How many Vaults will you need?
Before we discuss this too broadly, let's make sure we are all using the same terminology. The product you have installed is Called Vault (notice the big V), and there are a Server and Client portions. Also within that product, you can create Vault storage repositories – vaults (notice the little v). Autodesk Vault Server has the ability to create and manage multiple vaults. Each vault is a separate storage repository, similar to having multiple hard drives on a computer. With that is said lets dig in.
After you have Vault installed, the next and most important step is to plan how you will use it. The first and most frequent question we hear is whether a company should use one massive vault for all their offices/staff, or many small vaults broken up by geography/discipline. To this, I say fear not! We have an answer!!!!….
The answer is: it depends on what you want. That may sound like I'm dodging the question, but really I'm not. It depends on your company’s appetite for increased administration for the sake of collaboration and vice versa. Let's review the options:
Using One Vault for Everyone
The Good: This is great for collaboration within your group – everyone can reference parts and drawings from one other, and there are no barriers to sharing information.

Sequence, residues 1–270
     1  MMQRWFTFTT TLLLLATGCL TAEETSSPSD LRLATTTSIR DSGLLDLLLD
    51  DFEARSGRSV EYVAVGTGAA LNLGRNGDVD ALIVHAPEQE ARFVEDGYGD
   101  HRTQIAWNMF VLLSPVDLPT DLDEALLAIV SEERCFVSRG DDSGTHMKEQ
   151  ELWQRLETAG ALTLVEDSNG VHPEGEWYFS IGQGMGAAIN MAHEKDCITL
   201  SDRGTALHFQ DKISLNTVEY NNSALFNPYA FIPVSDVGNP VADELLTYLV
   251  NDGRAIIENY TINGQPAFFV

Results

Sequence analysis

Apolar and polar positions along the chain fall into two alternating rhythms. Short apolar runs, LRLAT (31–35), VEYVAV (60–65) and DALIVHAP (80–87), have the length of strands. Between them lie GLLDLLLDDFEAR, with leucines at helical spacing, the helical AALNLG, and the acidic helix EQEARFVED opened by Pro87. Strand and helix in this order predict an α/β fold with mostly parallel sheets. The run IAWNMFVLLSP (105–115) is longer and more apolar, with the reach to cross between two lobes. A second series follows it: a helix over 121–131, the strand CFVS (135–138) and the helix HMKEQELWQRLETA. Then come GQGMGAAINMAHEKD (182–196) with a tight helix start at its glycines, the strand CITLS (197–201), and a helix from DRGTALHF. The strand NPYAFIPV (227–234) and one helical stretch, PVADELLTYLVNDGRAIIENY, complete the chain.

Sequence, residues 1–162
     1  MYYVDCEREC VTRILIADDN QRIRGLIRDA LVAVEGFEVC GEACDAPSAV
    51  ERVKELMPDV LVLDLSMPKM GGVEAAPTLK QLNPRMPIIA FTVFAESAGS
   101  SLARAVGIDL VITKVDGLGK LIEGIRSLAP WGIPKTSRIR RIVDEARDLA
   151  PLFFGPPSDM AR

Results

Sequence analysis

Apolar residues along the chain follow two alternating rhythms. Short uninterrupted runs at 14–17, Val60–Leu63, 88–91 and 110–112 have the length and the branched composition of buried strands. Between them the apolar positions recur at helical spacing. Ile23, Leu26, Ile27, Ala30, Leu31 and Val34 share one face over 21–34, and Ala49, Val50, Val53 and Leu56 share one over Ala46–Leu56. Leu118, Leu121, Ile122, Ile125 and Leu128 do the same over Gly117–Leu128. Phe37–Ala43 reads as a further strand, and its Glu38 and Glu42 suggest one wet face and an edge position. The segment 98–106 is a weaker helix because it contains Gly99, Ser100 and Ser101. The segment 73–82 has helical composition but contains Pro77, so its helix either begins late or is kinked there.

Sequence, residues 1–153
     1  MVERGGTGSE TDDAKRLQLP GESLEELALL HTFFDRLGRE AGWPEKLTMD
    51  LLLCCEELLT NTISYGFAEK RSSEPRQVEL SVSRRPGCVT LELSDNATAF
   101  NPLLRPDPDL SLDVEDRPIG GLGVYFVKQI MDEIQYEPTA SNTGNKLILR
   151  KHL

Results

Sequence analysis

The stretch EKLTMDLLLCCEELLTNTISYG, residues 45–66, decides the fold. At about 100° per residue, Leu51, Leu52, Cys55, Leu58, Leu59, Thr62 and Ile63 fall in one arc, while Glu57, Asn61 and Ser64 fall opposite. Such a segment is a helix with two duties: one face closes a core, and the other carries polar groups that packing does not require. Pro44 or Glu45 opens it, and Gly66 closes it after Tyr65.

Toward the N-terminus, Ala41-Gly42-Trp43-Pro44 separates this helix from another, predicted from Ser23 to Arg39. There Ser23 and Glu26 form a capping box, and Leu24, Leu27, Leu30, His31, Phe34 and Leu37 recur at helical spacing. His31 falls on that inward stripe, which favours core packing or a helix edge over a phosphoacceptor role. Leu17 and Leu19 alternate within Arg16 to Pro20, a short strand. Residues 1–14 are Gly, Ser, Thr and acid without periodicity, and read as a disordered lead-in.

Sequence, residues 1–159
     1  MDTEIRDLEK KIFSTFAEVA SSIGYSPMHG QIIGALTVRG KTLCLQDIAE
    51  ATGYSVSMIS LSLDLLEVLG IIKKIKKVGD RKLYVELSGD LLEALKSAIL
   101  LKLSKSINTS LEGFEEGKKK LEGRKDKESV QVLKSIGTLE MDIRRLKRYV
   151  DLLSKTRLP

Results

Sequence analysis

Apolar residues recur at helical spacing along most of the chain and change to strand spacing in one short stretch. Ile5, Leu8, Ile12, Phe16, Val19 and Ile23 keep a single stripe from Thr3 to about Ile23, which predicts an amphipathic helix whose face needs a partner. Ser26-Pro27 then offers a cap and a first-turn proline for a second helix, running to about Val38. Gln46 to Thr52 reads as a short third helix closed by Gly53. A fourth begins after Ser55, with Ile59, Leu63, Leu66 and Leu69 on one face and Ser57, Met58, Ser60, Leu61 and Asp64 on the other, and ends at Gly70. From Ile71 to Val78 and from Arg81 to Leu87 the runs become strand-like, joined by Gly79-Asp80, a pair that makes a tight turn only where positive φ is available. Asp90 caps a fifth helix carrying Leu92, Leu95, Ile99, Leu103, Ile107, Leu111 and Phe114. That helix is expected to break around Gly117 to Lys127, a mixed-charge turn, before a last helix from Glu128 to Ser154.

The Bad: There are no barriers for sharing information. This can be a problem from a security standpoint. Also, the time cost of the administration for this can become very high as all changes need to be validated across all groups.
Using Multiple Vaults Across Organization
The Good: If you are involved in consulting, contracting, or segmented business units, it may be useful to create a separate vault for each customer or group. This enables you to keep templates, standards, and project information separate and isolated.
The Bad: The most important thing to remember when working with multiple vaults is that the data is completely separate and can never be merged. The only way to combine two or more vaults is to remove data from one vault and manually add it to the other, resolving any conflicts that may occur.
What it comes down to is that the choice is yours, and it usually boils down to how your current workflows are setup and how much change you can effect in them using Vault. It's your decision on how to setup the vaults, but we enable you to do what's best for your installation.
One note before you finish this article: no matter what way you choose to go forward… create a training Vault! Make sure you have an extra vault where users can feel free to experiment and learn/test new actions without interfering with the main vault(s). This is invaluable.
– Chris Bluhm, EP Vault Specialist